SCOTLAND’s electric vehicle (EV) infrastructure is at “tipping point”, and a new report has warned that fees will have to be introduced for drivers to charge their EVs.

The Transport Scotland and Scottish Futures Trust (SFT) study said with demand for EVs expected to continue to rise, more than 4000 new public charging points would be needed every year over the next decade.

Most of the current 2558 public charge points across the country are provided by the Government-funded ChargePlace Scotland scheme, but the report said this would struggle to keep up with demand and more private investment will be needed for a “major increase” in charge points.

The Scottish Government has set ambitious climate change targets and to help meet them it wants to phase out new petrol and diesel cars by 2030.

Quoting research from the Climate Change Committee, the report said Scotland would need an estimated 30,000 charge points by then.

It said: “Further rapid growth in the number of plug-in electric vehicles over the next few years is to be expected as costs of vehicles come down and consumer confidence grows.

“This will of course necessitate the need for further significant investment in charging infrastructure, including public charge points.”

The report also warned the cost of upgrading the electricity network to accommodate the new infrastructure will be significant and could stretch to £5 billion across the UK by 2030.

More than 1800 charging points have been funded by the Scottish Government since 2013 through the ChargePlace Scotland network, with many providing free electricity.

Transport Minister Graeme Dey said the model for public charging infrastructure needed to “evolve”.

He said: “This report makes clear that as demand for electric vehicles increases our approach towards the provision of public charging infrastructure must evolve.

“We’ve achieved much through the Local Authority Infrastructure Programme and over £45 million has been invested to deliver over 1800 charge points across Scotland through a single network operator.

“This has created green jobs and net zero opportunities across the country – but more can still be achieved.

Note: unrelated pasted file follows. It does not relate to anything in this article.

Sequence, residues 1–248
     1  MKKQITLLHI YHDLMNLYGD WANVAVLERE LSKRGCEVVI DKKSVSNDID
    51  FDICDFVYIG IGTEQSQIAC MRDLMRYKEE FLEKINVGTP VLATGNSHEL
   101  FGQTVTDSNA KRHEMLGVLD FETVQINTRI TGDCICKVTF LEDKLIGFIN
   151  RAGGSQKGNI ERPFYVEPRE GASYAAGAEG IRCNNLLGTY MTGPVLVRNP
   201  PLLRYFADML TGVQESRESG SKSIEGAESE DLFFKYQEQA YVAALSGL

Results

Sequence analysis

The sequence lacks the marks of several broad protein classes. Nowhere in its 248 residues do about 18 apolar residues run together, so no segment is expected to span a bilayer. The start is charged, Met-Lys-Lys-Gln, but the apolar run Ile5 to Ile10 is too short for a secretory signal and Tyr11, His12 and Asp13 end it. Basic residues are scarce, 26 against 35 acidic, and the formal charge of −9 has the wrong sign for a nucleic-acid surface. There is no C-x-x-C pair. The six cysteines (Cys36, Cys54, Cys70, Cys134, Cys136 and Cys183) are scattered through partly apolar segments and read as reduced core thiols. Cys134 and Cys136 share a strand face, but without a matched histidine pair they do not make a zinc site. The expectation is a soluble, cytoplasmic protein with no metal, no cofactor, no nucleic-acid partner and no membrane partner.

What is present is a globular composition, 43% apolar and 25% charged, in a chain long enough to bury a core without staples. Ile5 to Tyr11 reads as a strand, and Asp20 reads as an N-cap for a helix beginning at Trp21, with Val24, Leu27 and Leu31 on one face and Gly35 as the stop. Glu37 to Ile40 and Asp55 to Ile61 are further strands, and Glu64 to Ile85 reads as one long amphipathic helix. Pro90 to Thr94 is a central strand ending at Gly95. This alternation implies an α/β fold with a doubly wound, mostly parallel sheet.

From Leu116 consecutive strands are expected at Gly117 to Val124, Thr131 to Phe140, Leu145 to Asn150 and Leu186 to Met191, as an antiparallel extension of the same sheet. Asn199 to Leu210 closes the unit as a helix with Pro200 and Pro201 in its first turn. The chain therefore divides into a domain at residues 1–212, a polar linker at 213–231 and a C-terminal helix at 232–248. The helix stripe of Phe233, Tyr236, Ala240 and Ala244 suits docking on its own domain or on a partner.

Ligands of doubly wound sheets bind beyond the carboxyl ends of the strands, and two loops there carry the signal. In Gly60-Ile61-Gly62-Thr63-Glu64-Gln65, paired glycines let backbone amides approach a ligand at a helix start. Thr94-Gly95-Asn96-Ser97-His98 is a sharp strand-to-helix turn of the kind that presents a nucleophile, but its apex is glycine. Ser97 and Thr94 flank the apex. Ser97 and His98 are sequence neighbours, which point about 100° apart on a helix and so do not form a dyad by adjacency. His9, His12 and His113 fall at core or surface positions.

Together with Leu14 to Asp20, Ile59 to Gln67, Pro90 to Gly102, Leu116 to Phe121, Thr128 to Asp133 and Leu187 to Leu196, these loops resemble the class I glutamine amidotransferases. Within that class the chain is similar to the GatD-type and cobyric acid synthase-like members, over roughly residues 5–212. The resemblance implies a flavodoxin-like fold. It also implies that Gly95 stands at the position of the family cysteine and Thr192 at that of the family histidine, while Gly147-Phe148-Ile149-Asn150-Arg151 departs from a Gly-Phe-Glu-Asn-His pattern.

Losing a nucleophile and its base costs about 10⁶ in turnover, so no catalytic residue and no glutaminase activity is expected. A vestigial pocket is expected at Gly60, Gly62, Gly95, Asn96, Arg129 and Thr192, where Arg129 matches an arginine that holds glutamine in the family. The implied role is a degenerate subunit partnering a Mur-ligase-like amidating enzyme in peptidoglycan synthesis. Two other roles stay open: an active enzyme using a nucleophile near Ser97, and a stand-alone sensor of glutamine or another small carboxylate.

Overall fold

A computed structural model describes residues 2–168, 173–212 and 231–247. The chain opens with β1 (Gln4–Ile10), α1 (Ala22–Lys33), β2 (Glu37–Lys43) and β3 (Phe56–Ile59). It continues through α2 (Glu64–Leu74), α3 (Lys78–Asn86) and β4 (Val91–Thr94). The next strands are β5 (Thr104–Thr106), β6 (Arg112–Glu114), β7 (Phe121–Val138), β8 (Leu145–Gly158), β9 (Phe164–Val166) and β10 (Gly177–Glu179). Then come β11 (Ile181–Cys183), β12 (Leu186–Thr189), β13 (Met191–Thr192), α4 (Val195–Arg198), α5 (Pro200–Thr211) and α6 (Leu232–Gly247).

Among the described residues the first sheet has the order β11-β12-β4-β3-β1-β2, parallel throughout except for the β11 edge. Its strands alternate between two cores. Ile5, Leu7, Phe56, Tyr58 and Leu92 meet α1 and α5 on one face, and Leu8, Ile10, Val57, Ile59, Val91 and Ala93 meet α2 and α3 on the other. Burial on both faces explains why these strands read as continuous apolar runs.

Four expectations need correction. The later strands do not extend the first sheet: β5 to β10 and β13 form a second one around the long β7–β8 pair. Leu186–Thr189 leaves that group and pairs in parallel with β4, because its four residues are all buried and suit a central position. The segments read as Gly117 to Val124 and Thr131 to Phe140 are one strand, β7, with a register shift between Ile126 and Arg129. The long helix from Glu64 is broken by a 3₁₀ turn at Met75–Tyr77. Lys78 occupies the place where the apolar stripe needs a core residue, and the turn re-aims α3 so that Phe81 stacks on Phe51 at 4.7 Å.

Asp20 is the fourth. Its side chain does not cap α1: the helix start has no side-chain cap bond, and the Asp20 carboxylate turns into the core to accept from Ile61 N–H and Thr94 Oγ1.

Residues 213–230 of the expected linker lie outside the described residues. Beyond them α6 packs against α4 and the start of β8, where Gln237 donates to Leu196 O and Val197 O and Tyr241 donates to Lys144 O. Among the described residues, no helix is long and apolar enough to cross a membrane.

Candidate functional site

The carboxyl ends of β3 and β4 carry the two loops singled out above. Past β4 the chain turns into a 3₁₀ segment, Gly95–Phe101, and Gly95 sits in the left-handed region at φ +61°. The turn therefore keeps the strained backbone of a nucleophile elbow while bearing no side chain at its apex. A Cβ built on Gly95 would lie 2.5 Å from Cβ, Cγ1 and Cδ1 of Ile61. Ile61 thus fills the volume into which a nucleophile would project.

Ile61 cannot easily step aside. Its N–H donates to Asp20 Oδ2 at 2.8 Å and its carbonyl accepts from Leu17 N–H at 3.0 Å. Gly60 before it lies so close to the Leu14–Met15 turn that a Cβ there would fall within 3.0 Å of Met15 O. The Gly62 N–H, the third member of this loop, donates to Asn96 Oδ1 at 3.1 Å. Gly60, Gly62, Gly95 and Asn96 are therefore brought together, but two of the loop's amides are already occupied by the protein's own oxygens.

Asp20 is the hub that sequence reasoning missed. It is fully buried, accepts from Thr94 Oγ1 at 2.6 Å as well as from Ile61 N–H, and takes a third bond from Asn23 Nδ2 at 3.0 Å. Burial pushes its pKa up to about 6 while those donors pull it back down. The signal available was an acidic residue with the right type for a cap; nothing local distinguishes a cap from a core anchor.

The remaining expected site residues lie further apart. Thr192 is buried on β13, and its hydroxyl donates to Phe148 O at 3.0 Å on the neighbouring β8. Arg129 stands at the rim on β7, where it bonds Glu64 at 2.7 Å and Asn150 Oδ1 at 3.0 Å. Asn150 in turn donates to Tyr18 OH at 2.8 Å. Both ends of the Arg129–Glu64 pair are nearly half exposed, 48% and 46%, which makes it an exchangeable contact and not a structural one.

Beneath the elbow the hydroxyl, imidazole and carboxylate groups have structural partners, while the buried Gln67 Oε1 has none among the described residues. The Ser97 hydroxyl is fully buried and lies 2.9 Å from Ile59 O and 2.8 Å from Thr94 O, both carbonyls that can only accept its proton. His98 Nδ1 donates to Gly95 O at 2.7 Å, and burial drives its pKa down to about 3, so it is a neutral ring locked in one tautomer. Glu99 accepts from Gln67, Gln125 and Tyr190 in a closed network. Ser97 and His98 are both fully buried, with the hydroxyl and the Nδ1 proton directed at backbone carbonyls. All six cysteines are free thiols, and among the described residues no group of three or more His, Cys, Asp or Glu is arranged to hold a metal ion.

“This report is clear that we are now at a tipping point in terms of current demand and future requirements. By retaining the best characteristics that Scotland enjoys through ChargePlace Scotland, the opportunities from inviting greater private sector involvement could be tremendous.

“To meet our world leading climate targets, of course we need to see less car use rather than more. For those that need to drive, the opportunities afforded by electric vehicles for our climate and our air quality are profound. If the car is the right tool for transport on some occasions then we need people to have confidence to choose electric. This requires a comprehensive charging network and I’m pleased that this report provides a route map that supports our vision of phasing out the need for new petrol and diesel cars and vans by 2030.”

Director of infrastructure finance and programmes at the SFT Kerry Alexander added: “We are working closely with Transport Scotland, pooling our collective infrastructure expertise to scope out the requirements to accelerate the delivery of public electric vehicle charging facilities.

“To deliver at scale and pace, we need to adopt innovative and commercially viable funding models to supplement Scottish Government funding.

“We will be looking to develop models in the coming months, working with Transport Scotland, local authorities and private sector operators, to support future delivery.”